Lawn Diseases

Diseases are not limited to just trees, people, and animals. Lawns can also get sick and die. These diseases are generally not harmful at all to humans but can produce a huge eye sore and ruin your home’s curb appeal. It can also be hard to control so it is important to get rid of them while you can, as fast as you can. Just like any other plant issue, it is important to take in more than one fact when identifying a lawn disease. Google can be a great tool to find out what is going on with your lawn. It could be something going around in your area just like the stomach bug. You may be able to salvage your lawn from becoming too infected.

There are 5 common lawn diseases that may affect your home. They include brown patch, powdery mildew, red thread, snow mold, and fair ring.  They can all kind of look similar but vary with intensity, length of time they last, and how to treat them. Some of these come with bad weather and are hard to correct and others can be fixed very easily. Always keep an eye out for strange things in your lawn. It is best to keep up with a regimen for your lawn. It is important to give your lawn what it needs in a timely manner. Water regularly and fertilize as needed.

Brown Patch

This is one of those diseases that comes with certain weather conditions and can be very hard to fix. This happens in hot humid summer weather. They appear as brownish yellow patches in various diameters which will appear all over the lawn. Only the blades of grass that we see are generally affected with this disease. The roots will not be harmed or killed off. This happens when it gets to be super hot and humid and night time temperatures do not fall below 68 degrees. Other factors include having poor drainage and lack of airflow in the grass. Prevention is really the only way to not get brown patch. It is important not to over water or over fertilize the lawn. Aerating your lawn will help tremendously to avoid brown patches in your lawn.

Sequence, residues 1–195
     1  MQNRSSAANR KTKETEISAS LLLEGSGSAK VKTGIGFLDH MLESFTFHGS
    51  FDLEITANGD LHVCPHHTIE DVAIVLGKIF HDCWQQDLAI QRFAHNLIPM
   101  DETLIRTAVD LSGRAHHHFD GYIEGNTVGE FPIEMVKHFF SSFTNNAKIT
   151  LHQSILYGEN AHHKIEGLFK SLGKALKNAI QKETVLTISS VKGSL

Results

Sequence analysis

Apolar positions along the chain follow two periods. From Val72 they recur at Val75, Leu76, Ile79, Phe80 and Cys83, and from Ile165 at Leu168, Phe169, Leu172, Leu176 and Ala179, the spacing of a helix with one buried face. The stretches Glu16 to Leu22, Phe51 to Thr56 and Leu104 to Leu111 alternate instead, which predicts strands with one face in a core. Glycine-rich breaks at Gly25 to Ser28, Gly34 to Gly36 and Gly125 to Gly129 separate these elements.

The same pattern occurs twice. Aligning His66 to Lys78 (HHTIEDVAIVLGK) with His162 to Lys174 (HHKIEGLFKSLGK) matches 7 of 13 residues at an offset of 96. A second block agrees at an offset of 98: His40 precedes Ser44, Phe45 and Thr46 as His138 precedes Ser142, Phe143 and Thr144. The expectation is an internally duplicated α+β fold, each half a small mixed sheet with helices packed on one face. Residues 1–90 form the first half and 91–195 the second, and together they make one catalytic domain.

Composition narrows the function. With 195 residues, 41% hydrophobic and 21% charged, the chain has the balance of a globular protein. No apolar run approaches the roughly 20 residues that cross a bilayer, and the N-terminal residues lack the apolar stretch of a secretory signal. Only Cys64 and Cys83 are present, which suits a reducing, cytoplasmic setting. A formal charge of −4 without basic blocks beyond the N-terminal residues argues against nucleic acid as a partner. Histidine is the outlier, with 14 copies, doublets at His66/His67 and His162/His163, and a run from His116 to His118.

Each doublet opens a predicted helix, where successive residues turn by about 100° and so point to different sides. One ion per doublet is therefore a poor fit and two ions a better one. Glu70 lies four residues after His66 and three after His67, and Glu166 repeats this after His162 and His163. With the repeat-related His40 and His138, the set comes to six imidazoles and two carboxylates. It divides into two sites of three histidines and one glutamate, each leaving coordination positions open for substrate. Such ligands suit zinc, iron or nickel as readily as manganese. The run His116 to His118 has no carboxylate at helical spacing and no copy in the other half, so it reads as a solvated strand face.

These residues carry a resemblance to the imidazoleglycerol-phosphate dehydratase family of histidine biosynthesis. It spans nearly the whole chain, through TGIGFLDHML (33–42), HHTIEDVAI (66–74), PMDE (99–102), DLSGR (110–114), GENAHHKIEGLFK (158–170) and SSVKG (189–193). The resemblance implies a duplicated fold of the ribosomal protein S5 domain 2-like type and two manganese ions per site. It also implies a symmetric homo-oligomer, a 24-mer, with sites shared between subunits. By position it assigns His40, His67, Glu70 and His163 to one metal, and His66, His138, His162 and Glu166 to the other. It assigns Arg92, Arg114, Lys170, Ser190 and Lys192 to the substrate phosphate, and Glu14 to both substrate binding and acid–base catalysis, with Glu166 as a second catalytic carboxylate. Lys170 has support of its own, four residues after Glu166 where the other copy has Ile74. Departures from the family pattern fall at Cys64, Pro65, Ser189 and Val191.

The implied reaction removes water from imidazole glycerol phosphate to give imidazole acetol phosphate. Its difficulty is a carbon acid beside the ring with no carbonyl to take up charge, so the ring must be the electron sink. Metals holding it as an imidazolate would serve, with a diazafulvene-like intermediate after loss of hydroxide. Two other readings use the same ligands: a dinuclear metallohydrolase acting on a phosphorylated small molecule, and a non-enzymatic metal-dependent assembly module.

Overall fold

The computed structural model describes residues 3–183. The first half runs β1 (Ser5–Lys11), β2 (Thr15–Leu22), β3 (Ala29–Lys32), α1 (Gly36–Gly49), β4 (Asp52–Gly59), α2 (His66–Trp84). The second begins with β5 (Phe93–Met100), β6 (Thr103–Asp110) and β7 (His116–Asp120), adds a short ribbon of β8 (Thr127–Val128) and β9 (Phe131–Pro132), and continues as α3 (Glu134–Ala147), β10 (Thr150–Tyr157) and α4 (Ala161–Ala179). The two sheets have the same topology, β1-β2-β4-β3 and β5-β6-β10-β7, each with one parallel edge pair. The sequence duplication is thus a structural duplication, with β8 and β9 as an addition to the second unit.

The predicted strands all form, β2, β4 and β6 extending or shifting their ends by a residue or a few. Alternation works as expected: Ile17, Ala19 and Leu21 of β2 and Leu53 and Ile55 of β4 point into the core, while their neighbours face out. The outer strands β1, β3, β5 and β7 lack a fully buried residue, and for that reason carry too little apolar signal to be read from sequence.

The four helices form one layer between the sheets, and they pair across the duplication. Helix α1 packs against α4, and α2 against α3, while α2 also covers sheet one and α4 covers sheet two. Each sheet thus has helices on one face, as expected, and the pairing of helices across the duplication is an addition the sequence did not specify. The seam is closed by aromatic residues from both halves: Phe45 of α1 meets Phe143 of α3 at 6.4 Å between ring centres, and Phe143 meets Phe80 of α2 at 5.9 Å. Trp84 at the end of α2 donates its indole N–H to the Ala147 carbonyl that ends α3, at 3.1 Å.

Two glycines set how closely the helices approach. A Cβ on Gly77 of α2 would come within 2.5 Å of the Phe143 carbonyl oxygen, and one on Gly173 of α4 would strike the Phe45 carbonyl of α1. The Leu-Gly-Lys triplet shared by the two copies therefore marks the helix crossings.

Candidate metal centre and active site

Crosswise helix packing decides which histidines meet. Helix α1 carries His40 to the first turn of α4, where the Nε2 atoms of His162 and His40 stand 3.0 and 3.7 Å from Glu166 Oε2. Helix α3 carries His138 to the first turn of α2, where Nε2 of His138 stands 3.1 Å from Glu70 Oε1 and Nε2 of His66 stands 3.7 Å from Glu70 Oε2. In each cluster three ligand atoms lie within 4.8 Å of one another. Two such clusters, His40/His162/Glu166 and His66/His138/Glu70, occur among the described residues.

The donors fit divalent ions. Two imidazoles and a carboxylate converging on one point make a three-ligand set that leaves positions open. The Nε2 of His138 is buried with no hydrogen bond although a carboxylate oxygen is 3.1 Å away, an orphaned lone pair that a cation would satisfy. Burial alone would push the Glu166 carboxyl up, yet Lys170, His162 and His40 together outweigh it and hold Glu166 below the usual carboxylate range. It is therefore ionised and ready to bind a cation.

Powdery Mildew

This is not harmful at all to the plant it grows on to. Basically any plant can be subject to this fungus though some are more prone to it than others. The fungus itself will not harm the plant, if the powder takes over too much of the plant surface photosynthesis will not occur. The fungus grows during high humid settings but not in rainy seasons or super hot temperatures. It is best to just remove infected plant matter. It thrives on new or young plants so wait a little before fertilizing or replacing infected areas.

Red Thread

Another low threat issue that takes place when the lawn is low in nitrogen and high humidity. This can be a great indicator that it is time to fertilize your lawn. Your lawn will have these red or pink colored thread like webbing. It can be treated with chemical fungicides but it should only need more fertilizer in order for it to be treated.


Snow Fungus

Common in the north where it snows and gets cold. The spores of the fungus will stay down in the soil until it gets a little cooler out. The spores will not grow or move around until the fall. They will not die off due to the summer heat, but will just exist until it is time to grow. The snow will actually help keep the spores moist and able to survive during the winter months. The fungus will be inactive when it drops below 32 degrees or raises above 60 degrees. It is not a guarantee that if it snows, you will get this fungus. It does take the right circumstances for it to happen. If it snows while the ground is not fully frozen, it is more likely for the fungus to grow in the spring. If it is a lighter winter and does not snow all that much, the fungus may not grow at all because the spores have not been insulated or kept moist by the snow. If you do see the fungus growing it is best to aerate the ground in order to help dry out the grass to prevent further growth. Avoid using chemical fungicides if possible.

Fairy Rings

This may be the strangest of all the lawn diseases. The name comes from an old folk tale. People believe that these rings appear where a fairy was dancing the night before. It actually is a ring that develops in the lawn usually accompanied by mushrooms. The rings can be up to 30 feet in diameter and are hard to get rid of. It can actually become very harmful to the grass. The fungus will dry out the soil and kill the grass. When the soil gets dried out, it becomes difficult to wet again and the roots do not get the water and nutrients they need to survive. The fungus mainly grows in soil that is more sandy by composition. For this issue it is necessary to use a chemical fungicide solution to kill the disease, there is no natural or quick fix to this disease.